Minors will be allowed in local liquor stores November 1st – how are store owners preparing?

Data pix.

DEL CITY, Okla. (KFOR) - When it comes to alcohol laws, our state has seen some major changes in the last year, and on Friday that continues.

Starting November 1, people ages 21 and under will be allowed in liquor stores as long as they're accompanied by a parent or guardian.

News 4 stopped by a liquor store in Del City where they say they aren't making too many changes in preparation for this new law, but they are adding some new signs.

"We try to be respectful to all of our customers, and I hope they're going to be respectful to us," said Richard's Liquor Store manager Stacie Carra. "If your kid comes in, please mind your children or I will mind them!"

Richard's Liquor has been in business for 47 years.

In the 12 years she's worked there, Carra has seen many folks come and go.

She says they have a lot of regulars and a regular problem.

"I've had several leave, some carrying a baby in a car seat. I'm sorry you can't bring her in," Carra said. "It's a baby in a car seat - what are they gonna do, you know?"

But that won't be a problem anymore.

In May, Governor Kevin Stitt signed House Bill 2325 into law.

Starting Nov. 1, those under the age of 21 will now be allowed in liquor stores as long as they're with a parent or legal guardian of age.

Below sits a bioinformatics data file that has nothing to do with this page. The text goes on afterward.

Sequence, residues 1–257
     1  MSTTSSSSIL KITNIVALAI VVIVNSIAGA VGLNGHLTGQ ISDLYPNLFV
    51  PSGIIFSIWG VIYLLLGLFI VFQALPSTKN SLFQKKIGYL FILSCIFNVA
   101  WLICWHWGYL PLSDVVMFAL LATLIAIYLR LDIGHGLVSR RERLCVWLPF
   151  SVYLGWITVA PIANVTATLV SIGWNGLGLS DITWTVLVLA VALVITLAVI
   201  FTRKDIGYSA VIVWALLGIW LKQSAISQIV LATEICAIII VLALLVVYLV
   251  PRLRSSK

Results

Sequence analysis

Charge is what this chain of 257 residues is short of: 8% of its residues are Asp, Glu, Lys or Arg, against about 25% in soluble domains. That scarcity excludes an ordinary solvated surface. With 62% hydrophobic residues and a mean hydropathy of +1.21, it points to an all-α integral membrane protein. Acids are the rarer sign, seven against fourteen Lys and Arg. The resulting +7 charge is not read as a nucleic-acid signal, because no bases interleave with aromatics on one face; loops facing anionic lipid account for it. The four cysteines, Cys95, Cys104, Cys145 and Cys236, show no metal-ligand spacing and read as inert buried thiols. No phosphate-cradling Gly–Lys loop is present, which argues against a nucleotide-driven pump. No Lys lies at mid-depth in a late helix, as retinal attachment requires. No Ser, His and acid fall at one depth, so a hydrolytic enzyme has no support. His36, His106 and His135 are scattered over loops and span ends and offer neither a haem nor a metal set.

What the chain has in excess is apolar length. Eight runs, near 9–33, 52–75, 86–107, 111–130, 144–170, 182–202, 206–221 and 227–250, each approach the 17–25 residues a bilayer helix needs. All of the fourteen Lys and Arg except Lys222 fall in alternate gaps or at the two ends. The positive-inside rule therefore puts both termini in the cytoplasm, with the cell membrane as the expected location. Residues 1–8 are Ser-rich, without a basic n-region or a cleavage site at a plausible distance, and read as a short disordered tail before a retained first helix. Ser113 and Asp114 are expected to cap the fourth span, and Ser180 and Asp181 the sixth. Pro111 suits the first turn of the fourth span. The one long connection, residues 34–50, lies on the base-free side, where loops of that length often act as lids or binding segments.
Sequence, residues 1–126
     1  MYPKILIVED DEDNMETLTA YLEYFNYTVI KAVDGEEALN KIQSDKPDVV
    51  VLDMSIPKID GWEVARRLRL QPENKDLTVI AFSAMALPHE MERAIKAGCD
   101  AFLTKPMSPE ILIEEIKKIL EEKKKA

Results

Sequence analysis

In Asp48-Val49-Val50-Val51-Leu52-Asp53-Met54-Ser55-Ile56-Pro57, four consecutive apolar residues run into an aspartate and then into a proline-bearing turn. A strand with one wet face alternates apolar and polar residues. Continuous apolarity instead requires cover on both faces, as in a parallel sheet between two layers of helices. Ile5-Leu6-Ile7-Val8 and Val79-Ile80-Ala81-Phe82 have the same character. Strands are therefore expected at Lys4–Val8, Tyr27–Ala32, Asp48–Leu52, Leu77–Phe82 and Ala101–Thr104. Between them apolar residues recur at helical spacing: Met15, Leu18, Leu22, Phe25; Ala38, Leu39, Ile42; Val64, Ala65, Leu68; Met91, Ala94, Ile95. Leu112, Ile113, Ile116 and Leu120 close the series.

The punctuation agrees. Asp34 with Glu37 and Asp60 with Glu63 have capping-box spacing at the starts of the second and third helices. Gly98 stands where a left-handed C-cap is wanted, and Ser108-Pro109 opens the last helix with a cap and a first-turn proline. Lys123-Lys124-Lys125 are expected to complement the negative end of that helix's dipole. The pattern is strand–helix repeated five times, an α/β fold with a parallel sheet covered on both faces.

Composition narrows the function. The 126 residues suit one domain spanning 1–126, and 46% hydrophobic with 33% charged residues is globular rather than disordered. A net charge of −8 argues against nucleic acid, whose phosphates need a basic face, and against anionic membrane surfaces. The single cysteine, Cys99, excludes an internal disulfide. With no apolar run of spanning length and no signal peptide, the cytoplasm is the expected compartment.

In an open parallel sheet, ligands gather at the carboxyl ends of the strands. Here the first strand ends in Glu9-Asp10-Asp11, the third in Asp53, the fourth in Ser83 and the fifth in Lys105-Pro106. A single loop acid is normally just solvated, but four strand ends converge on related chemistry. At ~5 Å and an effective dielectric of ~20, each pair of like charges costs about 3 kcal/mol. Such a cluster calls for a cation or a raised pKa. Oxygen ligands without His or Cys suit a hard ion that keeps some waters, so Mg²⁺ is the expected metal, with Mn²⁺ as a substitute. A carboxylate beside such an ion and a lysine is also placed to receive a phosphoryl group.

"It's not like, 'Hey, I'm 21 and my girl wants to come in with me and she's 20," Carra said. "No, you've got to be with your legal guardian."

While some have questioned if this will "glamorize alcohol" to minors, Carra doesn't think so.

"The more they're around stuff, the more they're not going to abuse this," she said.

In fact, with many parents leaving their kids in the car while they run in the store, she thinks this is a safer option.

"We're in a relatively good area, but some areas aren't so good around here," Carra said.

Carra says Richard's Liquor Store is among the many that's seen a drop in sales since last year's legalization of wine and strong beer sales in grocery stores, so she hopes this change helps.

"I think it should have been changed years ago for kids to come in," Carra said.

In Your Corner

More In Your Corner

National News

More National

Washington D.C.

More Washington DC Bureau

Don't Miss

Latest News

More News


KFOR Podcasts

More Podcasts

Follow @KFOR on Twitter